Review by: Kwame Manu
Sequel albums tend to be hit or miss. Most of the time it seems they come from an artist’s attempt to recreate the buzz he or she received from a high water mark in their career, not because they want to add extension to their prequel’s feeling. Like many of the reboots occurring on tv and film lately, the name itself is almost sure to guarantee views and attract attention. This seems to be the case when Atlanta rapper Future tweeted “Should I give my fans a mixtape until my album complete?” then releasing BEASTMODE 2 hours later, making the rollout of it seem like a throw away project. The question is, does it sound throw away?
Like its prequel BEASTMODE 2 is is a brief nine tracks hardly reaching 30 minutes. Once again Future is back-to-back with legendary Atlanta producer Zaytoven for the entirety of the mixtape. After that the major similarities come to a halt. Compared to Beast Mode, the sequel is way less of an adrenaline boost and more of a watered down espresso shot. The rush begins with ‘Wifi Lit,’ a decent introduction to the tape featuring Zay’s sleek production and signature piano arpeggios. It’s a decent start that sets the album’s expectations too high. After the first song, the album feels like a slew of streaming filler. He gives us songs like ‘Racks Blue’ and ’31 Days’— songs that would be complete duds if it wasn’t for Zaytoven’s immaculate production throughout the project which is the solid foundation to the faulty and mundane performances Future gives. The beats range from high energy to melancholy. ’Some More’ doesn’t even sound like the standard Zay beat while ’31 Days’ has him sound completely in his pocket.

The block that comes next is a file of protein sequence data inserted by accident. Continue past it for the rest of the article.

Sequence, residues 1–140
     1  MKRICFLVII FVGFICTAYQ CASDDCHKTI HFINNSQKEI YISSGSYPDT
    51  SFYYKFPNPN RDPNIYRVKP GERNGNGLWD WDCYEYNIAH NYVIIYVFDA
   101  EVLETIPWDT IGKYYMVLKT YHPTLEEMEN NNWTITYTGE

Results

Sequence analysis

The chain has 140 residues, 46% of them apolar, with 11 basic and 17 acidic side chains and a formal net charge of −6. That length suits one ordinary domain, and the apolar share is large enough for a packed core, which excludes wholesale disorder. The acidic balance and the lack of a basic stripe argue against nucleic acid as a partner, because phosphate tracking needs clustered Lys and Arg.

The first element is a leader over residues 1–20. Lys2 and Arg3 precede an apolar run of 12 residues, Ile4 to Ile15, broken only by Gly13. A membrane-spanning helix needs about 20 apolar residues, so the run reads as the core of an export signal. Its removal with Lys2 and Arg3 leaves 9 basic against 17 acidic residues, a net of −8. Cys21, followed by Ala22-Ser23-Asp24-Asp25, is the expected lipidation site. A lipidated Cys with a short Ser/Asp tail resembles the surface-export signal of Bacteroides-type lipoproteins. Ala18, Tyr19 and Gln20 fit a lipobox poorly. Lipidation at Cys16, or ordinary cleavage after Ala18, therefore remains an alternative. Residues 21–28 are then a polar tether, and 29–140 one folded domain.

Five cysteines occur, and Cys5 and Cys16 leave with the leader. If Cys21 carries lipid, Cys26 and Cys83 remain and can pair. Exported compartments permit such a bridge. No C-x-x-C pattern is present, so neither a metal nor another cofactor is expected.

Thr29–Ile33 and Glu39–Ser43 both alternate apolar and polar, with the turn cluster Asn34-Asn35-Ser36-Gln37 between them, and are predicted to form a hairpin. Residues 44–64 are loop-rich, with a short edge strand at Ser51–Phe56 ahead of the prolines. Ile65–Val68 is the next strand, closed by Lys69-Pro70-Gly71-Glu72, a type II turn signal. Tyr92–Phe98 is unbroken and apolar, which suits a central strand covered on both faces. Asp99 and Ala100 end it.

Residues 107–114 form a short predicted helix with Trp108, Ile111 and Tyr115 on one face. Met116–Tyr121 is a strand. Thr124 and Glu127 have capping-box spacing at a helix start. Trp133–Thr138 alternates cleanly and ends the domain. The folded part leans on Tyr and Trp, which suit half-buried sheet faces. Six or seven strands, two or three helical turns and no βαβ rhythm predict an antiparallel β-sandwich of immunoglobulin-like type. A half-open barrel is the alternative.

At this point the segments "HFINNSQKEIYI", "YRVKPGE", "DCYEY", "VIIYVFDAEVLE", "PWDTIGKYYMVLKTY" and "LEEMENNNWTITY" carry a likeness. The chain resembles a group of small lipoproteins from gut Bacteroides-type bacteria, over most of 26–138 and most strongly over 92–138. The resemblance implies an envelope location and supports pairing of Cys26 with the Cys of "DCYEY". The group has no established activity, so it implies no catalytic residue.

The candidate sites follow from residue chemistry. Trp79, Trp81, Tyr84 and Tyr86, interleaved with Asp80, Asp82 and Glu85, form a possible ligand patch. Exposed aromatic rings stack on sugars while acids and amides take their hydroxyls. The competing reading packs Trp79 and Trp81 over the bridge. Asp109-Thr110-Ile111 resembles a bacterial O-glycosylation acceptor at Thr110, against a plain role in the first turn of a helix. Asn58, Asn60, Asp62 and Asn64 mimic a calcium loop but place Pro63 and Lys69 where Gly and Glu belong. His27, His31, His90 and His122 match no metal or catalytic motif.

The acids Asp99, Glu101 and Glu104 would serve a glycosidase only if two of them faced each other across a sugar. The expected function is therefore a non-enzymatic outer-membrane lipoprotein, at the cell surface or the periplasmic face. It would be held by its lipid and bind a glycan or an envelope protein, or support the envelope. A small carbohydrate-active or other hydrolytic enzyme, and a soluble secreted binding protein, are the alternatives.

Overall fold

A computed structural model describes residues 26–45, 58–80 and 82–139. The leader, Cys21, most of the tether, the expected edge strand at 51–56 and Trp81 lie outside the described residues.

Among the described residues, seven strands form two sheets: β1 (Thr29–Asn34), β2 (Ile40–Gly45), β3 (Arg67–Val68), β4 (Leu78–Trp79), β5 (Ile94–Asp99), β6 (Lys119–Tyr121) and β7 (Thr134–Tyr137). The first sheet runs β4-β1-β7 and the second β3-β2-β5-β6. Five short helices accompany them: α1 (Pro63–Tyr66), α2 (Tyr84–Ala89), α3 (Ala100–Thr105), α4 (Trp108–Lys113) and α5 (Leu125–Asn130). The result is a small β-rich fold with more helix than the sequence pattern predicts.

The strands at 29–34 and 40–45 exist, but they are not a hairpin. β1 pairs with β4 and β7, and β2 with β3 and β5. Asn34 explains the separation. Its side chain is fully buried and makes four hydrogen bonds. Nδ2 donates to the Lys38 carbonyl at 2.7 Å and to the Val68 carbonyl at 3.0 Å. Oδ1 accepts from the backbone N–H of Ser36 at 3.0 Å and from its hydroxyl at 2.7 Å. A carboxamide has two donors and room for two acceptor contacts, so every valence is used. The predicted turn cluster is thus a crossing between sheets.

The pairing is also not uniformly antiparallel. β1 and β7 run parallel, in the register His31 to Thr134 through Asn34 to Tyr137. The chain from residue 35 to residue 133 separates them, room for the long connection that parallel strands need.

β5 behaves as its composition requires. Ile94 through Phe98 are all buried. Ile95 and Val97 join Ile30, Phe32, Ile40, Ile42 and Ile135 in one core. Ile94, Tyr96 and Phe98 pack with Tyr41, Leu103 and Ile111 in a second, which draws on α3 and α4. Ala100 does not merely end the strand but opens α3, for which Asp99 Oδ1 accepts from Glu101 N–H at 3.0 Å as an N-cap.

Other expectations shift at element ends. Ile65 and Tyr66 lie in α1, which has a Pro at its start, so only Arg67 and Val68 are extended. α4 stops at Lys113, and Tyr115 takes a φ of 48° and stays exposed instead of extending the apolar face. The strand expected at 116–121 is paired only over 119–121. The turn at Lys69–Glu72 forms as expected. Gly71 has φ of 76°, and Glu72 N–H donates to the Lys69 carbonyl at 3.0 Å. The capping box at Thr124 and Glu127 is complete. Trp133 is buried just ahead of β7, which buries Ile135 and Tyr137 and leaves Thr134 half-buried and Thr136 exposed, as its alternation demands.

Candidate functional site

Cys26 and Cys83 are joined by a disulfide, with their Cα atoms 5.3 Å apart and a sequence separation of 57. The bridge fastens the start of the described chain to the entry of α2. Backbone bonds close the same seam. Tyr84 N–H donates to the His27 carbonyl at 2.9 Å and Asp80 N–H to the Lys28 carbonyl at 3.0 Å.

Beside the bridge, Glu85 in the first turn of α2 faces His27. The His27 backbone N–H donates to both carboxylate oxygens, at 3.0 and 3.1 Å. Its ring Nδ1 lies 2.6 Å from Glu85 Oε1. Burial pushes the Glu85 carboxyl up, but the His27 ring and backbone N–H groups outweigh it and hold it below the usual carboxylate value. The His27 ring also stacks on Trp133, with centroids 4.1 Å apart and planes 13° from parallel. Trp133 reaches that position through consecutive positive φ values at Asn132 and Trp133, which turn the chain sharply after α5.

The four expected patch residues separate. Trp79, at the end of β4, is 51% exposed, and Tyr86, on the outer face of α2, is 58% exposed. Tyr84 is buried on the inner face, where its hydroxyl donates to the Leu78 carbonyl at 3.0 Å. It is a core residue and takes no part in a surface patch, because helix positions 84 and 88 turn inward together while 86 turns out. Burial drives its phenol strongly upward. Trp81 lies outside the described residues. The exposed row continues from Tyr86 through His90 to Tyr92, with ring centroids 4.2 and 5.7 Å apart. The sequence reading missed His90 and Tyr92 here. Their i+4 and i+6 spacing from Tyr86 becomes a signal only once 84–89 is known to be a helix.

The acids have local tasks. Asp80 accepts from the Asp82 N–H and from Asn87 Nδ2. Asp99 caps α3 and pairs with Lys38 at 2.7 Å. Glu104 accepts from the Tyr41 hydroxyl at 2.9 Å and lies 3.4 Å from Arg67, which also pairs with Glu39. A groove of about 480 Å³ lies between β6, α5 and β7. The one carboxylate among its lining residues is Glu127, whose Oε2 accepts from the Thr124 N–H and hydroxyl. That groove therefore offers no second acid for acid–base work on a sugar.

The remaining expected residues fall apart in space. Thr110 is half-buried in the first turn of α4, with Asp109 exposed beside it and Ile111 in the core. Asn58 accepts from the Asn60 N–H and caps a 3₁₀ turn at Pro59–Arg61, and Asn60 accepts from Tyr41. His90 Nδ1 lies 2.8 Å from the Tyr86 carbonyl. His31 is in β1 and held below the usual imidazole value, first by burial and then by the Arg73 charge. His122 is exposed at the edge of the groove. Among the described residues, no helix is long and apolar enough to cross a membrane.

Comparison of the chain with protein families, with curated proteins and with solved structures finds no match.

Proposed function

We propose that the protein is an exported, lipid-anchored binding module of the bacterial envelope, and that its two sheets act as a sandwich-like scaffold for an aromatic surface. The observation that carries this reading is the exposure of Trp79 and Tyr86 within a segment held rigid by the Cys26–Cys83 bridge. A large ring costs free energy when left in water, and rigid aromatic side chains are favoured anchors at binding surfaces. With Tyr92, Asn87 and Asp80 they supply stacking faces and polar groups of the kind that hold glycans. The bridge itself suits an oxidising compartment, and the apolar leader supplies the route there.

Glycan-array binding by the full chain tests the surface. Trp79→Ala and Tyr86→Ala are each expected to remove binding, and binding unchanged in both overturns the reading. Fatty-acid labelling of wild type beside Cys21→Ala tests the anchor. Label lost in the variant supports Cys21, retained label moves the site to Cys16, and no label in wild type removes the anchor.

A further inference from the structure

Content-wise, we are in Future territory. That calls for bars on bars of flexing with occasional introspective moments on his struggle coming up through half-baked crooning. The problem is he has given us this formula time and time again and doesn’t improve in any way. No new topics, flows or concepts: just more of the same. Money, foreigns (women and the cars) jewelry, guns, etc. This mixtape screams monotony. Even Young Scooter rehashes the same flow he used on his last appearance on Beast Mode. There are hardly even any sticky melodies in sight. ‘Red Light’ however, is the only saving grace lyrically. The Zone 6 rapper drops details of how the money he has earned has come with paranoia and responsibilities.
Fans of the first installment of the Beast Mode series will be disappointed. This new project is creativity-barren on Future’s end. He made the sequel to one of his better-received projects seem like an appetizer — a bland one at that. For a while Future has shown to unapologetically pad out tracks with nonsense with no consequence (“La da di da / Slob on my knob”). Let’s hope the money as well as this streaming era don’t compromise more of our favorite artists to do the same.